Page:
The Boston Globe reports that St. Paul’s School (Episcopal) has entered an agreement to place the New Hampshire attorney general in charge of handling reports of child abuse on campus.
Under the terms, a compliance officer will be appointed to implement the agreement, which includes requirements for training, reporting possible cases of abuse to police, record keeping, and providing victim support services.
St. Paul’s will reimburse the state about $50,000 to cover the cost of the investigation and pay for all costs related to the agreement, including the compliance officer’s salary and benefits, MacDonald said. The officer will report to the attorney general’s office.
“We pursued a course of comprehensive reform with the objectives of achieving immediate and meaningful measures,” MacDonald said. “The agreement will assure a system of accountability, transparency, and oversight by this office and it will facilitate the protection of children to a far greater extent than a criminal proceeding would.”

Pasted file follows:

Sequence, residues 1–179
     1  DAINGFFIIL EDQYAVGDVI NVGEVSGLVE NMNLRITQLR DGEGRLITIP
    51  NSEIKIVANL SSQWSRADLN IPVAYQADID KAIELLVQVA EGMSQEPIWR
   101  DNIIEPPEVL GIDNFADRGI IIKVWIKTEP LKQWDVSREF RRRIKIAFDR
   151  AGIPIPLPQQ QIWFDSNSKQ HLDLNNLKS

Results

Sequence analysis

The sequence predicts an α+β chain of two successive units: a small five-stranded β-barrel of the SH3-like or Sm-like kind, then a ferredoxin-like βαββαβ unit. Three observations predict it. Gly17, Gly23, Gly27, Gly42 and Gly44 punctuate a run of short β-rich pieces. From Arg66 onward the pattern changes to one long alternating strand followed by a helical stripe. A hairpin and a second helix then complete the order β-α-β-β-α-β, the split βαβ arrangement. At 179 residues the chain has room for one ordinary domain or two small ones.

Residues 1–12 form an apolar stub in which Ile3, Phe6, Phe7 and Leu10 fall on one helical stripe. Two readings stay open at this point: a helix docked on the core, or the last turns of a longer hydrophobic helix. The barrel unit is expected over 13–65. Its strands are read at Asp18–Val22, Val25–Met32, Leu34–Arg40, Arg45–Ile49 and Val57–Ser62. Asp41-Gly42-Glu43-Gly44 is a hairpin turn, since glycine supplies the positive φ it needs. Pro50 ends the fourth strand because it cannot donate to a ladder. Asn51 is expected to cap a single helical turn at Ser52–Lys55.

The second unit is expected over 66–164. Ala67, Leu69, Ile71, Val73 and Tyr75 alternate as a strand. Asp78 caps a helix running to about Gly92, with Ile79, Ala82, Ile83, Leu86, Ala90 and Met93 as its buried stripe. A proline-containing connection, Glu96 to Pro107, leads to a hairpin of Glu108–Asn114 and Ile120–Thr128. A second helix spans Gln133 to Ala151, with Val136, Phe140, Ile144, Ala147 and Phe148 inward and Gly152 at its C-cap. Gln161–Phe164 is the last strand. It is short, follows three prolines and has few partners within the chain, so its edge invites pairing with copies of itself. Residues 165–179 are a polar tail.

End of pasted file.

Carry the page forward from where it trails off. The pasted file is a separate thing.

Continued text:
The school has waived confidentiality in the grand jury proceedings, and a report on the findings will be issued at a later date, he said.
An agreement that places St. Paul’s School under government oversight is the first of its kind for an educational institution in New Hampshire and could serve as a model for other states responding to a history of sexual abuse and misconduct at prestigious prep schools, legal experts say.
Attorney General Gordon MacDonald announced Thursday the settlement agreement, which establishes the position of an independent monitor who will be tasked with ensuring that St. Paul’s is in compliance with the state’s mandatory report laws. The attorney general is forgoing prosecution of the Concord prep school on child endangerment charges following a 14-month-long criminal investigation in favor of what he called “comprehensive reform.”
Lawyers for sexual abuse victims and law enforcement officials who worked on the investigation said the settlement is the best possible outcome because it holds St. Paul’s accountable and could facilitate real cultural change, whereas a misdemeanor-level conviction would likely have a minimal lasting effect.
Earlier Episcopal Café coverage of sexual abuse at St. Paul’s School is archived here.
Image: Attorney General Gordon MacDonald via The Telegraph.